Clothesline with a View!
Miraculous how these housewives manage to keep clothes clean! Even the woman on the political poster is amazed (looks like she's sticking her tongue out!)
We still had several hours of daylight left as we set off for El Descanso village...little did we know then, we wouldn't be arriving until almost nightfall! Fifteen minutes north of Quininde we left the asphalt. Gravel gave way to mud which gave way to even deeper mud trenches that could barely be called a road. Bottoming out in deep ruts, trying to find the best option in an all-but-impassable road. One particularly gnarly uphill patch had me worried -- I hung back as the truck ahead of me stopped to put chains on his rear tires. Now I've seen snow chains before...but mud chains? Two-thirds of the way up I got stuck and was spinning my wheels and burying myself deeper. I backed up down the hill and tried to start up again (several times), but the squelchy brew kept sucking me into the deep wheel ruts. By now the engineers had gotten out of the truck, and the driver of a pick-up behind me (he couldn't get past) offered to take the wheel to get me through. Yes, please! He made it through, but just barely!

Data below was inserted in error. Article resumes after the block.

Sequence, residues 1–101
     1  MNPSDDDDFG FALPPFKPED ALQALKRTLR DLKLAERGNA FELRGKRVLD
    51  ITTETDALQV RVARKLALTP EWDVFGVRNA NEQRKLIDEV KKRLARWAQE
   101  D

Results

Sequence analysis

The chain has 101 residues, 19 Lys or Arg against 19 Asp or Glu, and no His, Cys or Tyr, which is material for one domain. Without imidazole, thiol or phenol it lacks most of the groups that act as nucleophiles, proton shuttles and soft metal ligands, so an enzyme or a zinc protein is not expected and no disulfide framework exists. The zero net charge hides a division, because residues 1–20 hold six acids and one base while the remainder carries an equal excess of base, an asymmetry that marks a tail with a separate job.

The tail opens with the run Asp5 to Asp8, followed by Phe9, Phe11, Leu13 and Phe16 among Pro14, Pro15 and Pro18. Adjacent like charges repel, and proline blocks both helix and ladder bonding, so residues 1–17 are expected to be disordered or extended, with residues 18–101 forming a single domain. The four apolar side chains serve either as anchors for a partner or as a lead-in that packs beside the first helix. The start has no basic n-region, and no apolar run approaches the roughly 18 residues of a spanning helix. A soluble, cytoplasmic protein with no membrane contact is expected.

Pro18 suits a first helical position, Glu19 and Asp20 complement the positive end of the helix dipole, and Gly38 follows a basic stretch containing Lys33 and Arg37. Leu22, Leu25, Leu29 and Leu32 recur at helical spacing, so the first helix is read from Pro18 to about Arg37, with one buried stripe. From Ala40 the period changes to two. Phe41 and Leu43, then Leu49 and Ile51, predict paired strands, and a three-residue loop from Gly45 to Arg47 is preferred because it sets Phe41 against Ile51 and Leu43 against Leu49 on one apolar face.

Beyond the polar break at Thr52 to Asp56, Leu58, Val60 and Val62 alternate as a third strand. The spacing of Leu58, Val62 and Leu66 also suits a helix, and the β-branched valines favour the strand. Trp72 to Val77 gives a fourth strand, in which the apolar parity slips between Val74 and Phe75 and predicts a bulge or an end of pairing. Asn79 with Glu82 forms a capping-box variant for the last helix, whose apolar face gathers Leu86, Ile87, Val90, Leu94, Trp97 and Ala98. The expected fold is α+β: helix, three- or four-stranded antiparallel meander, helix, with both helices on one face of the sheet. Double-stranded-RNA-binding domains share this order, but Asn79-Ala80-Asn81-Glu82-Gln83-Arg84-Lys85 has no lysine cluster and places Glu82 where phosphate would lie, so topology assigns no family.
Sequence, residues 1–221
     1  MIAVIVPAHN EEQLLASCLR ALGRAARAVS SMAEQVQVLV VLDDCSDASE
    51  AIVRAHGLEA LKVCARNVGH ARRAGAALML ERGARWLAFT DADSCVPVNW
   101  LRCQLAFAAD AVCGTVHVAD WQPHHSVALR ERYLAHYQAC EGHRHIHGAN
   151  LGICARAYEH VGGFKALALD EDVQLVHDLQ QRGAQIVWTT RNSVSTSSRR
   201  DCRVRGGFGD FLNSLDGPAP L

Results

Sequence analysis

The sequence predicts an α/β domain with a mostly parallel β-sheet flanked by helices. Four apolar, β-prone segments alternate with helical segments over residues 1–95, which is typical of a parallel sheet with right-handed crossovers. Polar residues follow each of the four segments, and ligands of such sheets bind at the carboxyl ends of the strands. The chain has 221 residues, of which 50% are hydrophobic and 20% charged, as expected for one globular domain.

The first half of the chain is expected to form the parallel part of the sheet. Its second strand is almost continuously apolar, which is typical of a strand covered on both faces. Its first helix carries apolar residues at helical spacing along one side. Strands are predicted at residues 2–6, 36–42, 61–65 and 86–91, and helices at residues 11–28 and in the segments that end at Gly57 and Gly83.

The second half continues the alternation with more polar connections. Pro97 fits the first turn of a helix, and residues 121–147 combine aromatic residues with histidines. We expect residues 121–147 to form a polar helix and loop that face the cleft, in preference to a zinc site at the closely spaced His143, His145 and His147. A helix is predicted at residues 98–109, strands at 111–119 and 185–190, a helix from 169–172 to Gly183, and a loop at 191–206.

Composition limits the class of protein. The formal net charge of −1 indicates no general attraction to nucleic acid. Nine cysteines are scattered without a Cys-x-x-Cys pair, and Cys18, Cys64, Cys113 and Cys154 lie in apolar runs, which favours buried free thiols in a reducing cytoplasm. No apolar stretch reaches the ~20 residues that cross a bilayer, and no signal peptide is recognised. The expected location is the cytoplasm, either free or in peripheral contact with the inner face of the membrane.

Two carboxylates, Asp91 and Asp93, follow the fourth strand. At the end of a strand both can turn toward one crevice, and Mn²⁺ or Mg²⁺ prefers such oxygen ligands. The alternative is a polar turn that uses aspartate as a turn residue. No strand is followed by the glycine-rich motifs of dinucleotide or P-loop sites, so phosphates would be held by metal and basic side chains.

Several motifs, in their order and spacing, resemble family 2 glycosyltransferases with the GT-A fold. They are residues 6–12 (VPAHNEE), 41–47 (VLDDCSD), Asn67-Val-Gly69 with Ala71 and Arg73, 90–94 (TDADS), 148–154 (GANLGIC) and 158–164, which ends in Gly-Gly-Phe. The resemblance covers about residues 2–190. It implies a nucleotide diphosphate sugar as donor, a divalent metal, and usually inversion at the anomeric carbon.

A mile before town, this is where our main contact lives. Abraham is coordinator for the 33 communities which are located within the Mache Chindul Reserve.
more gently, slowly and eventually successfully made it to La Y de la Laguna. We were supposed to meet a community organizer there, and he arrived on his motorbike shortly after we did. I was shattered! The young-uns took off for a hike to the Laguna and I settled into a plastic chair in the shade of one of the half a dozen shops in downtown La Y. I bummed a cigarette off an older gentleman (my first in 9 months!) and enjoyed a cool coconut water while breathing deeply and watching the goings-on. Rural farmers came to weigh & sell their sacks of dried cacao beans (the main crop in that area). The plan was for me to leave my truck in a locked garage there in la Y and we'd be driven the last stretch in a heavy 1975 Ford truck with chains on the wheels. When the hikers returned we had a quick lunch, off-loaded the baggage, and I stashed Scarlet in Victor's garage (between the broken-down pool table and the rusted-out washing machine).